Only a few of those views are from China. My post was blocked by the Great Chinese firewall.* That said, within China the people who have been in business there for more than a decade were mostly in agreement. The people who have been there a couple of years were less in agreement. Bill Bishop (who I read and respect) was in the less in agreement group.
I will not name the people in agreement because many have to live in China.
My thesis was
(a). The savings rate in China was abnormally high driven by the one-child policy,
(b). The options for investing those savings for most the population were extremely limited - mostly bank deposits.
(c). The bank deposit market was rigged so that deposit rates were consistently below the inflation rate.
(d). That repressed interest rates were mainly used to subsidize state owned enterprises and that
(e). This funded the widespread looting of State Owned Enterprises by party officials.
Demographics is outside my field of expertise and I received (and expected) most criticism on the demographic point. The first bit came from my business partner who thought that the high savings rate and the property boom came in part from the (extreme) gender imbalance in China. The gender imbalance is another artefact of the one-child policy - where selective abortion and infanticide produce a large shortage of female babies and (later) eligible women to marry. This drives male preening behaviour - and the most successful preening behaviour for a man is to be rich and to own property. This is an extension of the men-will-do-anything-for-sex argument - and in this case "anything" is own apartments and big (negative return) bank balances.
Unknown to me this was the subject of a serious academic paper by Shang-Jin Wei - a professor of finance and economics at Columbia University who supports the men-will-do-anything-for-sex argument with lots of fancy econometrics.
There was little objection to my argument about limited options for saving in China. That seemed self-evident - however those limited options are being undermined by capital flight. The Chinese are washing an incredible amount of money through Macau. That money is being saved outside the Chinese banking system - and is thus not subject to extreme financial repression.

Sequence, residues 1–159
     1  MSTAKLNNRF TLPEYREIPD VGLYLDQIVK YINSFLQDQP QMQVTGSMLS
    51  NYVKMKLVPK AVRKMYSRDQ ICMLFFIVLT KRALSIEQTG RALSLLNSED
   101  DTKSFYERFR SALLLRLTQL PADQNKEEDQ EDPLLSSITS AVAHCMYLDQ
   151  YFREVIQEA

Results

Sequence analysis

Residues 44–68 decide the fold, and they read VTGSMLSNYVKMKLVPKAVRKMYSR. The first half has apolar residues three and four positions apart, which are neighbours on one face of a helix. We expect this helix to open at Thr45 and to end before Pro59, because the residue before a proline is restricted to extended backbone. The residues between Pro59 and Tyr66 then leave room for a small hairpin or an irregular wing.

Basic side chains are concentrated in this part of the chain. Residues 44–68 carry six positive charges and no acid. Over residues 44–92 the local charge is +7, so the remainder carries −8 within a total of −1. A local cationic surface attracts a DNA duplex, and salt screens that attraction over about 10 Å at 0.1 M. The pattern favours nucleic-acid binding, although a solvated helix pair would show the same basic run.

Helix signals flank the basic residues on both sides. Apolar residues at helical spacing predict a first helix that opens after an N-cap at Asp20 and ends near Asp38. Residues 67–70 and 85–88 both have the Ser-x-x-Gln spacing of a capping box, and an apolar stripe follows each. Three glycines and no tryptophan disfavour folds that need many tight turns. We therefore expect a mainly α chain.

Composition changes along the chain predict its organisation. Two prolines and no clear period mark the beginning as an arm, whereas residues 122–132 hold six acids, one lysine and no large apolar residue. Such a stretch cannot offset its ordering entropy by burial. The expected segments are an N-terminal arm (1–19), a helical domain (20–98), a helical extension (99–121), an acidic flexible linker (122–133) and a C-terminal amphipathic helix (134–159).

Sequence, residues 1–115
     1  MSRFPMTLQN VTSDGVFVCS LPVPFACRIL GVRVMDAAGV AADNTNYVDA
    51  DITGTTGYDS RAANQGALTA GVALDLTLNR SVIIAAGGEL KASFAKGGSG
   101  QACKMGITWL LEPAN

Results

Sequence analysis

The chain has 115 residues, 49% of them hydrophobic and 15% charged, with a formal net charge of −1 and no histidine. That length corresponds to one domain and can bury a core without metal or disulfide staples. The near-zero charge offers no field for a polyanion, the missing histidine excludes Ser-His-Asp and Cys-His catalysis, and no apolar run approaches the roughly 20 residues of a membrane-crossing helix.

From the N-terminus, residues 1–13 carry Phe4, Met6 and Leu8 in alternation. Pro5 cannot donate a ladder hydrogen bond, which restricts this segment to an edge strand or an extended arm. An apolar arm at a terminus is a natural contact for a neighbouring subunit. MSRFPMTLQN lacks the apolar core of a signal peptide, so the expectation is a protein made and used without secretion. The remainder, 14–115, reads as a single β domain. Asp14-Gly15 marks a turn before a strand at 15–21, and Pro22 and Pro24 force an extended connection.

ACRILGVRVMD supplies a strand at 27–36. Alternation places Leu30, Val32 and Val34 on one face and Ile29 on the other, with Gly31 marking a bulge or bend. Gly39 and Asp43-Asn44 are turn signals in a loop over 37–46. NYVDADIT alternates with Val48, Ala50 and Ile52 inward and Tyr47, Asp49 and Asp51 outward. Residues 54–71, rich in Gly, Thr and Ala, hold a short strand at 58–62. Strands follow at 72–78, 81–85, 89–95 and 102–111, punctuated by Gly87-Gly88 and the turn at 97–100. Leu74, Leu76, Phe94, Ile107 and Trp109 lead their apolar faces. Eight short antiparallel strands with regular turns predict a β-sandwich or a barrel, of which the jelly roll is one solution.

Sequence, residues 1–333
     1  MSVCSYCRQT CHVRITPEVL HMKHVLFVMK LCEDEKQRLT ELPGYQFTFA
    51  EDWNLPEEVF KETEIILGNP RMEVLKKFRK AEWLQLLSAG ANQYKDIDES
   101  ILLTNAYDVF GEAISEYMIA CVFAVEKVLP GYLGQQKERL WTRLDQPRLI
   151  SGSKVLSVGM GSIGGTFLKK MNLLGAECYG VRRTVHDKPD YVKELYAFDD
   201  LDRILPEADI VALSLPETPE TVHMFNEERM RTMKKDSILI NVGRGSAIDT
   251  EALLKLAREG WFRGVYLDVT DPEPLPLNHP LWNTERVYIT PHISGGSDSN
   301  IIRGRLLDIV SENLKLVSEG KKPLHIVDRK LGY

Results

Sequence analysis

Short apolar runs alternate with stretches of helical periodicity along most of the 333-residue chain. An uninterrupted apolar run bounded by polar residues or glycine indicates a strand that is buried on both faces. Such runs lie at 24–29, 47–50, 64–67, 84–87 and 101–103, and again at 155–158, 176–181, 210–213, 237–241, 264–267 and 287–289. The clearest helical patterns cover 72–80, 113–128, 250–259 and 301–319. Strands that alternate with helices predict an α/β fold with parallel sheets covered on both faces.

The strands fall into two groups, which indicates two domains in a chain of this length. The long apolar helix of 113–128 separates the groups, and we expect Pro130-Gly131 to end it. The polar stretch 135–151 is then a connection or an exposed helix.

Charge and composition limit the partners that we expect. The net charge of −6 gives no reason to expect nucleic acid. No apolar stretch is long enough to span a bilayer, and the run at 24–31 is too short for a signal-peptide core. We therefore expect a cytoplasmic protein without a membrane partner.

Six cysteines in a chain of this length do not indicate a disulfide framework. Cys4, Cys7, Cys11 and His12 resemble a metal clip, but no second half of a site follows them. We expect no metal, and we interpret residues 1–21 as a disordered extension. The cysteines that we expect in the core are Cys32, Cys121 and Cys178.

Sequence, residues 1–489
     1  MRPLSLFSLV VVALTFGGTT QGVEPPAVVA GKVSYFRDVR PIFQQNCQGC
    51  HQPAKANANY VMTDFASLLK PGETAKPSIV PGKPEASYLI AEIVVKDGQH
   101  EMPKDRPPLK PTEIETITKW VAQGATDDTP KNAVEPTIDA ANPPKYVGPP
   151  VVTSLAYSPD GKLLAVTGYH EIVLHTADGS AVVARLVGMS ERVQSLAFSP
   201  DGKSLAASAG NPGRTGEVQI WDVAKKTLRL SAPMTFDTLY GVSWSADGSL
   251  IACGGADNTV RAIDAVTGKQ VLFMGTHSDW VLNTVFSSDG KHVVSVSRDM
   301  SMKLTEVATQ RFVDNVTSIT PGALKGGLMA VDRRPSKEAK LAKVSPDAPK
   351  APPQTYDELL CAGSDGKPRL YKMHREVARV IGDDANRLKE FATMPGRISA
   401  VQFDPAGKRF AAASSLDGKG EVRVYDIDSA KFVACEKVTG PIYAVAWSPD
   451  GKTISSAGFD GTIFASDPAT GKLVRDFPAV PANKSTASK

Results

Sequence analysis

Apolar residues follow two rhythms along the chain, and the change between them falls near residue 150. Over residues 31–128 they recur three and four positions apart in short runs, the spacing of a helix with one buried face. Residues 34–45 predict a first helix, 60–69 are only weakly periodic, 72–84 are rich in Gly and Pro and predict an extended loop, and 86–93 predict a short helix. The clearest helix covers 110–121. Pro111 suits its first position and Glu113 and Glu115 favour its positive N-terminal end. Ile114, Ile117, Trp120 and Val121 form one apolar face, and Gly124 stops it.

There is also little objection to my suggestion that bank deposit rates are rigged below the inflation rate. China dropped the regulated bank deposit rate recently as the inflation rate declined. However - and it was the point of my post - negative real interest rates are declining in China because inflation is declining.
The fourth point - that the repressed interest rates are the main source of subsidy for Chinese State Owned Enterprises was backed up very strongly by Michael Pettis. There are other sources of subsidy. For instance tobacco is largely provided by a State Owned monopoly and tobacco use is not subject to much social sanction making the tobacco company unbelievably profitable (and hence able to pay very high salaries and benefits to senior staff). Indeed Michael Pettis points to a Mainland think-tank - Unirule which suggests that monopoly and direct subsidies have accounted for as much as 150 percent of the profitability of the State Owned Enterprises over the last decade. Pettis himself calculates that repressed interest rates may have accounted for another 400 to 500 percent of total profitability over this period.
Monopoly profits and financial repression are a subsidy from the household sector. Pettis thus states the obvious - five hundred to six hundred and fifty percent of SOE profits come from a subsidy from the household sector.
Absent subsidy the SOEs are staggeringly unprofitable. In a market economy a business that goes from making X per year to losing X per year usually fails or closes pretty quickly. A business that goes from making X per year to losing 5X per year crashes and burns very rapidly.
Absent the subsidies the whole SOE sector with its current expense base crashes and burns very quickly. By far the biggest subsidy is the subsidy of being allowed to borrow at repressed interest rates.
This of course leads to the fifth part of my argument. That was that the expense base of the SOEs was the (looted) income of Communist Party apparatchiks. Here surprisingly the New York Times came to my rescue with an article about the difficulty of economic reform in China. Reform in this article really meant reform of State Owned Enterprises. The difficulty was that:
Publicly controlled enterprises have become increasingly lucrative, generating wealth and privileges for hundreds of thousands of Communist Party members and their families.
That is - of course - precisely my point. And the Times goes on to say that the Government is moving to stifle debate on anything that challenges this status-quo.
Deflation of course will challenge the status-quo anyway. If 400-500 percent of the profitability of SOEs comes from financial repression then the end of financial repression will result in the collapse of the State Owned sector and the collapse of the wealth and privilege led by "hundreds of thousands of Communist Party members and their families". I suspect that the centre would find it increasingly hard to control their regional elites and the regional elites would revolt. [Revolution is almost always an affair of the second-tier elite versus the first-tier elite - the masses rarely drive it. This would be no exception.]
However in the face of that the centre would do anything to keep the inflation rate high. Ben Bernanke might not literally be prepared to throw dollars out of helicopters. The Central Committee - they might go there...
*I have been informed by someone that blogger is always blocked in China. The Chinese people who were telling me they can't get the blog usually get it via a virtual private network.